Ex-Prisoner of War Honored with Medal for Escaping Nazi Camp

Edward Shifrin landed in Normandy as a member of Charlie Company, 117th Infantry Regiment, 30th Infantry Division. He took part in some of the biggest battles in France including the battles of St. Lo and Mortain. But Shifrin’s story only began there. On August 7th, he was captured by the Germans and sent to the Stalag IIIC prison camp in Brandenburg, now part of Poland.

prisoner

Edward Shifrin inspects his new POW medal

The camp was for non-commissioned officers, and was home to Russian, Italian, British, French, Belgian and after February 1944, American Prisoners of War. The prisoners of Stalag IIIC formed an ‘Escape Committee’ which planned an ingenious way of escaping the prison camp.

Every morning, the Germans lined up their prisoners for a headcount. The ‘Escape Committee’ selected someone to hide, causing the German headcount to come up short. The Germans would search for the “escaped” prisoner but would never find him since he would secretly rejoin his comrades in line. The Germans marked the man as “escaped” and lowered the headcount total for the next day. This scenario was repeated until the Germans lowered their headcount by four.  When four of the prisoners attempted a real escape, their absence went unnoticed by the Germans, whose headcount had already excluded them.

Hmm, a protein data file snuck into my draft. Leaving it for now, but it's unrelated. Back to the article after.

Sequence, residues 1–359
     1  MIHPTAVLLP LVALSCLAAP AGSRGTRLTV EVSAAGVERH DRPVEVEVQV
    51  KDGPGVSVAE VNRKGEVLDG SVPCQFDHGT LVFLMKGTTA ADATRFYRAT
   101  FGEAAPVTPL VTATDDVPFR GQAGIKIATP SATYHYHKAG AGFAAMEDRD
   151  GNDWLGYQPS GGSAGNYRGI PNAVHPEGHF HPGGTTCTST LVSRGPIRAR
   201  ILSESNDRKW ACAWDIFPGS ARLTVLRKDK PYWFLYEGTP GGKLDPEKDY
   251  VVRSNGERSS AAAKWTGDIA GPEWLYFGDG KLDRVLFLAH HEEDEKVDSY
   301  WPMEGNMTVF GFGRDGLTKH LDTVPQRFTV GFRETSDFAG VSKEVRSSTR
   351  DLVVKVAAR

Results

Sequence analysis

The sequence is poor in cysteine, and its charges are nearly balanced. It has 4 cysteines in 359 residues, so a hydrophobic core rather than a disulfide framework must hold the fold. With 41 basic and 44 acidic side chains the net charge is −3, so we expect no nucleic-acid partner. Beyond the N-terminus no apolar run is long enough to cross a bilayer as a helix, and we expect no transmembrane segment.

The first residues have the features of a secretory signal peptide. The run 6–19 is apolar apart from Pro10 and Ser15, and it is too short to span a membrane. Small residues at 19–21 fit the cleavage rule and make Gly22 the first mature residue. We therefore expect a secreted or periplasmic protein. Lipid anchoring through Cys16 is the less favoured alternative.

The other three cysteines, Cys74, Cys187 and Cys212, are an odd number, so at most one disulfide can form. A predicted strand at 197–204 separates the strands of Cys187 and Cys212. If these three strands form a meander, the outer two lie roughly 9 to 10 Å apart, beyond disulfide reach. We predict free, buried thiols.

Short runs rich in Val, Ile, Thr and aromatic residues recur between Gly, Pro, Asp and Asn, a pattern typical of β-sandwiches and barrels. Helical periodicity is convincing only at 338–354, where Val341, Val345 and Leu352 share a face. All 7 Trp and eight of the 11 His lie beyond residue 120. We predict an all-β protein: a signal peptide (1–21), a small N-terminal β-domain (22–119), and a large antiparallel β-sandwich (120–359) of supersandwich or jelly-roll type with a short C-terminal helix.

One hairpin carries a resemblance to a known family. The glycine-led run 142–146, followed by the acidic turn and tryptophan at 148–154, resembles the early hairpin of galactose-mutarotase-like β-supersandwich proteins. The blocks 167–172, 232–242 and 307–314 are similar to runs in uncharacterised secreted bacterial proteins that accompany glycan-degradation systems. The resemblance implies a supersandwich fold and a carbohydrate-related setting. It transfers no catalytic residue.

Shifrin escaped from Stalag IIIC in the middle of January, 1945. He headed west, stealing bicycles and horses to expedite his journey. He eventually reached Allied lines where he hitchhiked his way on trucks until he reached Italy. By April 1945, he was back on US soil.



After the war, Shifrin got his law degree and lived in St. Louis, Missouri. He didn’t talk much about his wartime adventures but his son was able to put together his story from old newspapers and his father’s military records. In February, Shifrin received a POW medal in a ceremony at his home with the help of Missouri senator Claire McCaskill.

“Going over his dad’s past,” Dan Shifrin said, “gave me much greater appreciation for what he and others went through. I guess also it’s that these men and women are dying at an unbelievable rate and their stories are being lost. This is one more story we can tell and keep alive.”

Photo via AP

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